In the next talk, Dr. Laws, Brigham and Women’s, discussed the Options for Treatment of Unsuccessful Pituitary Surgery and Recurrent Cushing’s. The goal is to normalize cortisol and preserve normal pituitary function. The options include re-operation, radiosurgery, bilateral adrenalectomy, or medical treatment. Dr. Laws stressed that the choice of which of these options to pursue is dependent on the individual patient. If a patient is relatively stable, there may be time to utilize radiation or control the cortisol with medicines. With a very ill patient an immediate solution such as bilateral adrenalectomy might be required. Dr. Laws discussed studies in monkeys that showed only 15% of the normal pituitary volume is needed to preserve normal function. Thus, normal function can be retained even with removal of a significant part of the pituitary. Remission rates following Radiosurgery (Gamma Knife or Proton Beam) were 50%-60% within 1-1/2 years and approximately 30% of patients experienced hypopituitarism. Patients are usually placed on medications to control cortisol levels while they are waiting for the radiation to take effect. Dr. Laws stressed that patients should go to an experienced center for Radiotherapy as complications are less than with an inexperienced center. Bilateral adrenalectomy (BLA) is a viable option, particularly in a very ill patient, but requires life-long replacement medications and there is a risk of Nelson’s syndrome (an increase in tumor size and aggressiveness following BLA). Dr. Laws also mentioned that they are exploring the genetics of all of the tumors that are removed in an effort to identify potential new targets for medications.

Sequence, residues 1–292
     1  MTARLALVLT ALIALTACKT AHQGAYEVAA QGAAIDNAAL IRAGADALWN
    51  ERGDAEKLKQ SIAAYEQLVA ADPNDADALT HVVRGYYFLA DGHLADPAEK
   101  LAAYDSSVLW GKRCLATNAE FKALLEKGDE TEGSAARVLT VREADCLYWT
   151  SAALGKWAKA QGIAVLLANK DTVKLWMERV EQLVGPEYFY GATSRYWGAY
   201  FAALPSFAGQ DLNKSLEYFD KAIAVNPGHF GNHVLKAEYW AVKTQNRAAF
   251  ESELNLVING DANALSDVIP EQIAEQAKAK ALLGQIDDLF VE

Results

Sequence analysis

Dr. Findling, Medical College of Wisconsin, presented the next talk on Medical Therapy for Cushing’s. Dr. Findling stressed that surgery is always the initial treatment of choice, but what do you do when that is not successful? In some cases, medications can be used to control cortisol levels. Medications that effect ACTH output include cabergoline and the newer medication, pasireotide. Cabergoline has been used for many years to control prolactin excretion and is effective in normalizing cortisol in about 20% of Cushing’s Disease patients. The newer pasireotide (not yet available in the US) targets receptors on the pituitary tumor and while it decreases cortisol in most patients, cortisol is normalized in about 25% of patients. In a clinical trial, blood pressure decreased and patients lost weight, however blood sugar was increased in 70% of patients. Ketoconazole is often used to decrease steroid production from the adrenal glands and normalizes cortisol in about 50% of patients, but the response is usually not sustained over long periods of time. Mitotane and metyropone are other medications that could be used, but have side effects and are not generally available in the US. Another medication, mifepristone, was approved in 2012 for the treatment of Cushing’s and works at the receptor level to block the action of cortisol, thus cortisol levels remain high, or can even increase. This is a similar approach to blocking the effects of estrogen using Tamoxifin in women with estrogen responsive breast cancer. Clinical trials reported improvement in metabolic and neuro/cognitive symptoms in 80% of patients. Side effects include vaginal bleeding and low potassium levels. In some cases, the medication may cause an increase in tumor size, but with small tumors, this may allow the tumor to be seen on an MRI. Dr. Findling presented a very interesting case where this indeed was the case and the patient underwent a successful pituitary surgery.